What do international developers need to know when joint venturing with a local partner in Spain?

Juan Antonio Pérez.

28/2/2007 Real Estate Forum


An alternative which allows the international developer to reduce its capital gains taxation in Spain is funding the joint venture through profit sharing loans 

The Spanish real estate market is growing rapidly. International developers have found that there is still a lot more room for development in Spain. US, Australian and European developers looking to get involved in commercial developments in Spain usually enter into joint ventures with local partners, either to develop specific projects or to build a number of them. The benefits international developers can obtain when joint venturing with a local partner to develop real estate projects are well known to the readership. This article seeks to guide international developers on the specific challenges they will face when joint venturing with a local partner in Spain.

For tax reasons, the international developer usually (i) channels its interest in the joint venture through a Dutch entity (which is only acceptable to the Spanish tax authorities if such entity has some substance), and (ii) looks to set up a number of special purpose vehicles, so that each of the specific developments (e.g. office buildings) is owned by a different project company. The purpose of this structure is to facilitate the future sale of the developments to different investors through the sale of shares in each of the project companies, which does not trigger capital gains tax for the international developer in Spain. Local partners are usually reluctant to set up a number of project companies to facilitate the sale of shares in each of those companies. The main reason is that structuring the sale as a share deal does not offer any tax benefits to the local partner, who must pay capital gains tax regardless of whether the sales are structured as share deals or as asset deals.

If the Spanish partner does not agree to incorporate a number of project companies to facilitate the sale of shares, an alternative that allows the international developer to reduce its capital gains taxation in Spain is funding the joint venture through the granting of profit sharing loans, which do not trigger stamp duty tax (as opposed to capital increases). In addition, interest accrued on these loans (at a floating interest rate linked to the performance of the joint venture company) is tax deductible by the joint venture and tax-free for the international developer; thus, it could entail an important reduction in the capital gains tax payable by the international developer in Spain. Although the Spanish partner will not be particularly interested in this formula, it may be open to it given that it has a neutral tax impact for the local partner: the payment of interest qualifies as an expense for the joint venture company and as income for the Spanish partner.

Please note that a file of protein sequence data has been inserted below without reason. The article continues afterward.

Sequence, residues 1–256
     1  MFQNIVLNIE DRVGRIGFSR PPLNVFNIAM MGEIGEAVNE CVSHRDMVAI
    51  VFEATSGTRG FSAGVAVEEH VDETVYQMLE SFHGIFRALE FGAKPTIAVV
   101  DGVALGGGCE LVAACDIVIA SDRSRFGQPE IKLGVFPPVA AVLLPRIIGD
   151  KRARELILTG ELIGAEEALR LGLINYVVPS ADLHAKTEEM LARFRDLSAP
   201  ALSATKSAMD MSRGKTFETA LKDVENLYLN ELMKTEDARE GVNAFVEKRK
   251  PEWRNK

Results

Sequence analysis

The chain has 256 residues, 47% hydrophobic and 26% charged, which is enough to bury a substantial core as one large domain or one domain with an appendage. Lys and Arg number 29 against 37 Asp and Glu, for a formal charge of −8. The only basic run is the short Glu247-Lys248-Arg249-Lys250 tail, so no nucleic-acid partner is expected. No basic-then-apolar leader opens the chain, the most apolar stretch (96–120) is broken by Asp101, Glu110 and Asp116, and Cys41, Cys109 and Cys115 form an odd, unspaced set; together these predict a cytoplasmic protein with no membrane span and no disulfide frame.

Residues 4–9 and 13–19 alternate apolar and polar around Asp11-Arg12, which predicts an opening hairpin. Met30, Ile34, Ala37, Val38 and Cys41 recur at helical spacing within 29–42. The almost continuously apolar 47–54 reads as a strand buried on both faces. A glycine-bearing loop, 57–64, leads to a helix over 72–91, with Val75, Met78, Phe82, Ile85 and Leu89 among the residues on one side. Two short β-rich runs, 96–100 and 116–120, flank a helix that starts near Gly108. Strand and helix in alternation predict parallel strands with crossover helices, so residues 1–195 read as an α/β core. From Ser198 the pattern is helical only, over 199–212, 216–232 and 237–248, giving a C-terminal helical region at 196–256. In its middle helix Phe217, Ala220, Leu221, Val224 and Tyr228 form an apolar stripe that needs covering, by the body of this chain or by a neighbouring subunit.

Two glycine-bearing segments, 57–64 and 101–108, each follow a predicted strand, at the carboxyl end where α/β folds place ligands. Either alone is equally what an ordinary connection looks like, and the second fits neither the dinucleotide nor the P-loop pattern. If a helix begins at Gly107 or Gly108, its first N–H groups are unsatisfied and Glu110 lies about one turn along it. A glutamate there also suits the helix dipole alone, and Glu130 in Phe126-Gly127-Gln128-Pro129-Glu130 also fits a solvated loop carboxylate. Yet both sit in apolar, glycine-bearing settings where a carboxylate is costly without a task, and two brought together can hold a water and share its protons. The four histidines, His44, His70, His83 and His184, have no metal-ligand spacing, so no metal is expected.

Once the tax structure has been defined by the parties, it is time to agree on the type of corporate entity to be used. Joint venture companies are usually set up as sociedades de responsabilidad limitada, which are comparable to US LLCs, require an initial low capital amount, fulfillment of few formalities and paperwork, and offer increased flexibility. Some local partners may prefer to set up a sociedad anónima, which is comparable to a US corporation, for purely image-related reasons. Sociedades personalistas (partnerships) are sometimes used in the interests of the international developer, but this is far less common. The purpose of using partnerships is to secure the tax consolidation of the joint venture company and the international vehicle.

When drafting and negotiating the joint venture agreement:

a)  The international developer will probably need to accept conditions that give the joint venture access to the international developer’s sales networks outside of Spain. The local partner will usually try to shape the Spanish joint venture as a testing ground for joint future developments outside of Spain, particularly in Central and Eastern Europe;

b)  Clauses dealing with funding (and, specifically, with the consequences arising from the parties failing to provide the agreed funding) tend to be particularly controversial. If the international developer is not convinced of its local partner’s financial strength, it should look to negotiate an option to subscribe any new shares that are not paid-up by the local partner, or to grant the joint venture company the loans that should have been granted by the non-funding partner, retaining the ability to convert such loans into capital; and

c)  When the Spanish partner has a contractor company within its group, it will attempt to ensure by contract that its contractor company will be retained by the joint venture to carry out the construction works. Since the international developer will be looking to obtain the best market conditions, a balance will need to be sought, so that both the local partner is comfortable and third party contractors are not discouraged from submitting their bids.

While negotiating the joint venture agreement, the applicable turnover and market share thresholds will need to be checked in order to determine whether any filings need to be made to the antitrust authorities under European or Spanish regulations. When carrying out developments through a joint venture, particular attention must be paid to regional regulations that govern planning, zoning and retail licensing (and sometimes even specific condominium schemes, as is the case in Catalonia). Identifying the appropriate local partner with the skills needed to deal with these local issues is very important.